Almost single-handed remains the Rev. Edward
Steere, faithful to his post as Bishop and Chief Pastor.
He has visited Lake Nyassa, and established a Mission
halfway, and another I believe at Lindi; he keeps
a watchful eye upon the operations of the Mission
House established among the Shambalas; and at the
head-quarters or home at Mbwenni, a few miles east
of Shangani Point, the old residence, he superintends,
and instructs lads and young men as printers, car-
penters, blacksmiths, and in the practical knowledge
of other useful trades. His quarters represent almost
every industrial trade useful in life as occupations
for members of the lower classes, and are in the truest
sense an industrial and religious establishment for the
moral and material welfare of a class of unfortunates
who deserve our utmost assistance and sympathy. This
extraordinary man, endowed with piety as fervid as
ever animated a martyr, looms grander and greater in
the imagination as we think of him as the one man
who appears to have possessed the faculties and gifts
necessary to lift this Mission, with its gloomy history,
into the new life upon which it has now entered.
With all my soul I wish him and it success, and while
he lives, provided he is supported, there need be no
fear that the Mission will resume that hopeless position
from which he, and he alone, appears to have rescued it.
From the same source that the Universities Missions
have drawn their pupils, namely, the youthful victims
of the slave-trade, her Majesty's Consul has supplied to
a great extent the French Catholic Missions at Zanzibar
and Bagamoyo. The mission in the island which has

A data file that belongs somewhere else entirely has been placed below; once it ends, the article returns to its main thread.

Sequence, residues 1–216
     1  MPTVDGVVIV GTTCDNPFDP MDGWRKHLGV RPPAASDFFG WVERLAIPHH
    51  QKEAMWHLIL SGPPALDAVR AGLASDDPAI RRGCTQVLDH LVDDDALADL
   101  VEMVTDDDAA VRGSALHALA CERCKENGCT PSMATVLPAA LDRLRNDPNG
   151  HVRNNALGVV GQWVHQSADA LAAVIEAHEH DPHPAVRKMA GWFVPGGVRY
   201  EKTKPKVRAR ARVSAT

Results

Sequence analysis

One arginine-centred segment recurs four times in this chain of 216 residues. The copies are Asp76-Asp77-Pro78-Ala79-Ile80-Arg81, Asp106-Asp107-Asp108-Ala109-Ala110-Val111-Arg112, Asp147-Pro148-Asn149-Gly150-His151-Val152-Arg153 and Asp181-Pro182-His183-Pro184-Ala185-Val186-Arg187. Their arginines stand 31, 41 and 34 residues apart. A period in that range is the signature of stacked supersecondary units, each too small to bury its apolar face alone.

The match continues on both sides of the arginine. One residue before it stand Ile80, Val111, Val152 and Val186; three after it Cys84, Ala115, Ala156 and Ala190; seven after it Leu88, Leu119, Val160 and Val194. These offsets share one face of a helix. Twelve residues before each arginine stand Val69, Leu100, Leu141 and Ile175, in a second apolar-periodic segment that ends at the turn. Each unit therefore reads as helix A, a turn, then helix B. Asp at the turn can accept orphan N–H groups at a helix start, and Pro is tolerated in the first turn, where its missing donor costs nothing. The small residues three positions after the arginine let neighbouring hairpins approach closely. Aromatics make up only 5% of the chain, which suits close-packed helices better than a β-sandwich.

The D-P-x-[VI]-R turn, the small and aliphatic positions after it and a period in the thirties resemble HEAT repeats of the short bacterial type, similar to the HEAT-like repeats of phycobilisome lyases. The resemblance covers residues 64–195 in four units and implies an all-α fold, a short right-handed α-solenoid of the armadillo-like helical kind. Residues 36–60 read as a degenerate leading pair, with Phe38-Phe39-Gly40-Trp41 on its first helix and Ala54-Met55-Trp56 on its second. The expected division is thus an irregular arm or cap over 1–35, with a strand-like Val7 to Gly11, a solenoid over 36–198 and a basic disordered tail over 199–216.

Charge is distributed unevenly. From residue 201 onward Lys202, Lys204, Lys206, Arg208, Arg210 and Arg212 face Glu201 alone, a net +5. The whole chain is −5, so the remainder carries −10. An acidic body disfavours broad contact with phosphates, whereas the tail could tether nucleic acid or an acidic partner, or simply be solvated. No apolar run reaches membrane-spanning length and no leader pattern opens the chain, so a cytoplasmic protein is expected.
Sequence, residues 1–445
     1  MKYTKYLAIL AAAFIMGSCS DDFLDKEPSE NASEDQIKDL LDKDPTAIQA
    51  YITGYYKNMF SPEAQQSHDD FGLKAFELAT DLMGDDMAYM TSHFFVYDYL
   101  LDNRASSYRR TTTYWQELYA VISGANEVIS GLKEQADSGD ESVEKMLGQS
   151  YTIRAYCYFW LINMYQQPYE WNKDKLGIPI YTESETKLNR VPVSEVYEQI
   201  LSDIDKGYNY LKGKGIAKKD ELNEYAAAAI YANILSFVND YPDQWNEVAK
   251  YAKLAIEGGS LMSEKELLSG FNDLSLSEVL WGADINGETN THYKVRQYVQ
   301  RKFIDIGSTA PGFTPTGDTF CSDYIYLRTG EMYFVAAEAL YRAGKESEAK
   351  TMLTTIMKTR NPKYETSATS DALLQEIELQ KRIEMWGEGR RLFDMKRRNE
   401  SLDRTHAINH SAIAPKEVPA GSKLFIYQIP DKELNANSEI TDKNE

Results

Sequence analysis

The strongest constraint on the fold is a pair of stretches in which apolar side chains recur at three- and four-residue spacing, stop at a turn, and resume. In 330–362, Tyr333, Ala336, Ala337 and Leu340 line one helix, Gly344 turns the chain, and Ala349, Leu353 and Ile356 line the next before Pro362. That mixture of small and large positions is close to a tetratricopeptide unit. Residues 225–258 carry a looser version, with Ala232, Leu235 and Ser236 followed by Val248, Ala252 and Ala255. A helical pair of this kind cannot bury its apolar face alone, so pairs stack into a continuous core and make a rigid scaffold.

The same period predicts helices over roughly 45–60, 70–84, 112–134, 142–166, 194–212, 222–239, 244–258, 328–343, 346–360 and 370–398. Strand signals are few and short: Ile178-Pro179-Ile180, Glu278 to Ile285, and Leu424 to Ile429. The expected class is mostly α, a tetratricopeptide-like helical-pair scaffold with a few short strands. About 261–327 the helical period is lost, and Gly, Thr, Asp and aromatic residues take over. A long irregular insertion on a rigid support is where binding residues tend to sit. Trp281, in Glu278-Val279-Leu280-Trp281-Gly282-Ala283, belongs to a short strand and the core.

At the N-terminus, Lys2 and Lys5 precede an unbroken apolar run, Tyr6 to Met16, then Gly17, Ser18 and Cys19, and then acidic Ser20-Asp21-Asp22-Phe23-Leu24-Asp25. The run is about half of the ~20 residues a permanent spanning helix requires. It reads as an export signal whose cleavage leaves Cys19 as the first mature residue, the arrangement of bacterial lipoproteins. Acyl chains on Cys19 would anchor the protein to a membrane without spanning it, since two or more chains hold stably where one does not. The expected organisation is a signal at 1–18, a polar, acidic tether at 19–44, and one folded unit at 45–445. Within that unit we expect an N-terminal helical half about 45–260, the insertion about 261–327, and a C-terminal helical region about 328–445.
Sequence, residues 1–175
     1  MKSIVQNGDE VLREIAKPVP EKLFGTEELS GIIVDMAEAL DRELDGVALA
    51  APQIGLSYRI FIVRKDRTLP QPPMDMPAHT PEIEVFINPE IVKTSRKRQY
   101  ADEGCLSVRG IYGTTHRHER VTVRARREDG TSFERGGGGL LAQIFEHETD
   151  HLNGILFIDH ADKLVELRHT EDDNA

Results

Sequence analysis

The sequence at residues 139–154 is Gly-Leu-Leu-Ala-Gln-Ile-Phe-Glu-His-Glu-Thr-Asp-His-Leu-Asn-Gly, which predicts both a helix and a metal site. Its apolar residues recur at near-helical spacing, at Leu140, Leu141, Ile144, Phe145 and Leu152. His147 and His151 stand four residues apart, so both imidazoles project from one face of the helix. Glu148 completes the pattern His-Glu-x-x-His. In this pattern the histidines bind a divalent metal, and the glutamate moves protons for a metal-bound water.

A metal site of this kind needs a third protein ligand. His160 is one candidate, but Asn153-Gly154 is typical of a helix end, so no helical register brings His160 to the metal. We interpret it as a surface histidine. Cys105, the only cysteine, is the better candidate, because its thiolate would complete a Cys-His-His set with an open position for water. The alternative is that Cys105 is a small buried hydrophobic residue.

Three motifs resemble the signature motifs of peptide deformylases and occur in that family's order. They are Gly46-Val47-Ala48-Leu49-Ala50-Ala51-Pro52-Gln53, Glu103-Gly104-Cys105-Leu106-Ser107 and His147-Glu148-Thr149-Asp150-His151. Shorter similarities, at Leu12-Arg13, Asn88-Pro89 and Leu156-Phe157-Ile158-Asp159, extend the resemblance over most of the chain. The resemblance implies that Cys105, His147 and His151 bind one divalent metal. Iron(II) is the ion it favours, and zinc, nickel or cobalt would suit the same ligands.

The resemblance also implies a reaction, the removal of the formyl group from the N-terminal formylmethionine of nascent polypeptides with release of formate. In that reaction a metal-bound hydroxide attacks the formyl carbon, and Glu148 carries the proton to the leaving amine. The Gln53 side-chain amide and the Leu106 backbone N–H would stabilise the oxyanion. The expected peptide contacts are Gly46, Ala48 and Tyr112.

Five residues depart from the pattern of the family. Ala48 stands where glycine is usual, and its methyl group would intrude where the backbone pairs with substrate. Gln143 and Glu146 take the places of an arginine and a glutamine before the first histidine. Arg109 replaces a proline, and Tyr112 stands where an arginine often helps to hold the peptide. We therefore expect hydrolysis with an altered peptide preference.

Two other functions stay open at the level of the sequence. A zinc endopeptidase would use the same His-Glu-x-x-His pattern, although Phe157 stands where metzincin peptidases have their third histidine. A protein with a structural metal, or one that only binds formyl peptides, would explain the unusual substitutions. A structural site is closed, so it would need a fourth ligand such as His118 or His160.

See illustration on page 68.

now been established for years is called the St. Joseph's, 1874.
that at Bagamoyo bears the title of Notre Dame de Nov.14-16.
Bagamoyo." The first possesses two priests and four Lagamoyo.
brothers, with one lay professor of music; the other,
which is the principal one, consists of four priests, eight
brothers, and twelve sisters, with ten lay brothers
employed in teaching agriculture. The French fathers
superintend the tuition of 250 children, and give em-
ployment to about 80 adults; 170 freed slaves were
furnished from the slave captures made by British
cruisers. They are taught to earn their own living
as soon as they arrive of age, are furnished with com-
fortable lodgings, clothing, and household utensils.
"Notre Dame de Bagamoyo" is situated about a
mile and a half north of Bagamoyo, overlooking the
sea, which washes the shores just at the base of the
tolerably high ground on which the mission buildings
stand. Thrift, order, and that peculiar style of neat-
ness common to the French are its characteristics. The
cocoa-nut palm, orange, and mango flourish in this
pious settlement, while a variety of garden vegetables
and grain are cultivated in the fields; and broad roads,
cleanly kept, traverse the estate. During the Superior's